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Dutta S.R.,Vidyasagar University | Gauri S.S.,Indian Institute of Technology Kharagpur | Mondal B.,Bankura Sammilani Medical College BSMC and Hospital | Vemula A.,Indian Institute of Technology Kharagpur | And 3 more authors.
Acta Biologica Szegediensis | Year: 2016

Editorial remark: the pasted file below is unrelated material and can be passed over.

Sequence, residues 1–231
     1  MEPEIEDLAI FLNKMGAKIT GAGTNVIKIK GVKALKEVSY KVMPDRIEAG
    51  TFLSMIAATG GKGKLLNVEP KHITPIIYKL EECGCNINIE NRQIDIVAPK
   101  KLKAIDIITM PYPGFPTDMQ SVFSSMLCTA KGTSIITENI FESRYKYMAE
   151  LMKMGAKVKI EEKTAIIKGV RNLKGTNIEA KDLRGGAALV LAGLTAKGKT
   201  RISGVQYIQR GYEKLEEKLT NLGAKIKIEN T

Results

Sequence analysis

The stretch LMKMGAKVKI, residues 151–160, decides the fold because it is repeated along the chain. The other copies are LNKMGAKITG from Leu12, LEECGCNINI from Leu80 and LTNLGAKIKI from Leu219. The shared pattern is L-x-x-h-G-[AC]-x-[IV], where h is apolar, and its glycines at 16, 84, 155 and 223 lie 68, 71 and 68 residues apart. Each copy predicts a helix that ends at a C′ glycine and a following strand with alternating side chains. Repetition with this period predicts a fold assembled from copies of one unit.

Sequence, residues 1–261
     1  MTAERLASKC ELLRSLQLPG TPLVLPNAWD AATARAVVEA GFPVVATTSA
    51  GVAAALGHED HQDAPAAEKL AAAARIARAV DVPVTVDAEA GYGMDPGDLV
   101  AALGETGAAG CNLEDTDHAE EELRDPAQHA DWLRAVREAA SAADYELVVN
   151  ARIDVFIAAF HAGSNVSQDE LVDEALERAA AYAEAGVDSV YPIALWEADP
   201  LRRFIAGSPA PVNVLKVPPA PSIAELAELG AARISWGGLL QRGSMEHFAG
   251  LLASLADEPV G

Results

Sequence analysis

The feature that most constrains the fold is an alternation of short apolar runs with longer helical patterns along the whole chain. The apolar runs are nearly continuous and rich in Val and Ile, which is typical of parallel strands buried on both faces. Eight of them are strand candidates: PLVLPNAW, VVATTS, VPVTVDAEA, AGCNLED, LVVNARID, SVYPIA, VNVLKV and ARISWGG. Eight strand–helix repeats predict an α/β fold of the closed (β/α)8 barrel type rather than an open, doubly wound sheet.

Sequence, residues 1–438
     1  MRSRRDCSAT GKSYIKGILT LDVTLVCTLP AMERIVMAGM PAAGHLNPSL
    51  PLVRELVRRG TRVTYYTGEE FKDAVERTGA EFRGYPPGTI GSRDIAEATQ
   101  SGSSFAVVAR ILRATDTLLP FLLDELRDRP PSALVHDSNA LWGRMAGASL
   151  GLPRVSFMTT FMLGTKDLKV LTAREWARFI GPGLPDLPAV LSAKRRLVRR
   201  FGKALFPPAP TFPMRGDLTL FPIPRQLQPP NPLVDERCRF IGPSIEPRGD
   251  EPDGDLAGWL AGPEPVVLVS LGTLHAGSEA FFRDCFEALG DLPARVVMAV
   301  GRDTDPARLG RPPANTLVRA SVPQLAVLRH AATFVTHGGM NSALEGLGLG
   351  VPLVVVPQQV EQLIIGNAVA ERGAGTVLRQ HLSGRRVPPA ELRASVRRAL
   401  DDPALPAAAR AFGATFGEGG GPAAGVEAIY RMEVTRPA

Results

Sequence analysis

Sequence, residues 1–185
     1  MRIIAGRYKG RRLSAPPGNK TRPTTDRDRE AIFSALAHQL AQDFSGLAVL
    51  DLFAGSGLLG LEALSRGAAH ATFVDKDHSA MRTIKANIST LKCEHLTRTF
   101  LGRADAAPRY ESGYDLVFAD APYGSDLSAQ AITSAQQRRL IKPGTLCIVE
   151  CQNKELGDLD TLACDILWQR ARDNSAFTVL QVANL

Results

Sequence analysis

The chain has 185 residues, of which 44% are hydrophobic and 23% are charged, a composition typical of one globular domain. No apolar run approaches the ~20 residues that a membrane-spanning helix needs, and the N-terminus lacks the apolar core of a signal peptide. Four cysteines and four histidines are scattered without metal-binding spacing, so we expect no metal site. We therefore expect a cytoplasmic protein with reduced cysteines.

Antimicrobial peptides (AMPs) are an evolutionarily conserved component of the innate immune response and they were found among all classes of life forms. In the present study AMPs were extracted from the hemolymph of Antheraea mylitta and fractionated by High Performance Liquid Chromatography (HPLC). Antimicrobial activity was tested against three clinically isolated multidrug-resistant (MDR) bacteria, such as urinary tract infecting Escherichia coli, wound infecting Pseudomonas aeruginosa and Bacillus pumilus. Fraction I (comprised of three different peptides of varying mass) did not inhibit the growth of any of these clinical isolates, whereas, fraction III inhibited the growth of B. pumilus without affecting the growth of gram-negative isolates. Fraction II exhibited bactericidal effects against P. aeruginosa and E. coli, whereas, B. pumilus was not susceptible. Scanning electron microscopic study revealed that serious structural alterations of cell morphology and disruption of the outer membrane, that facilitates the release of cytoplasmic content through holes and channels in E. coli, treated with this isolated peptide. Our results indicate that the peptide from the isolated fraction could be used as potent alternative antimicrobial compounds for the treatment of MDR E. coli and P. aeruginosa infections.

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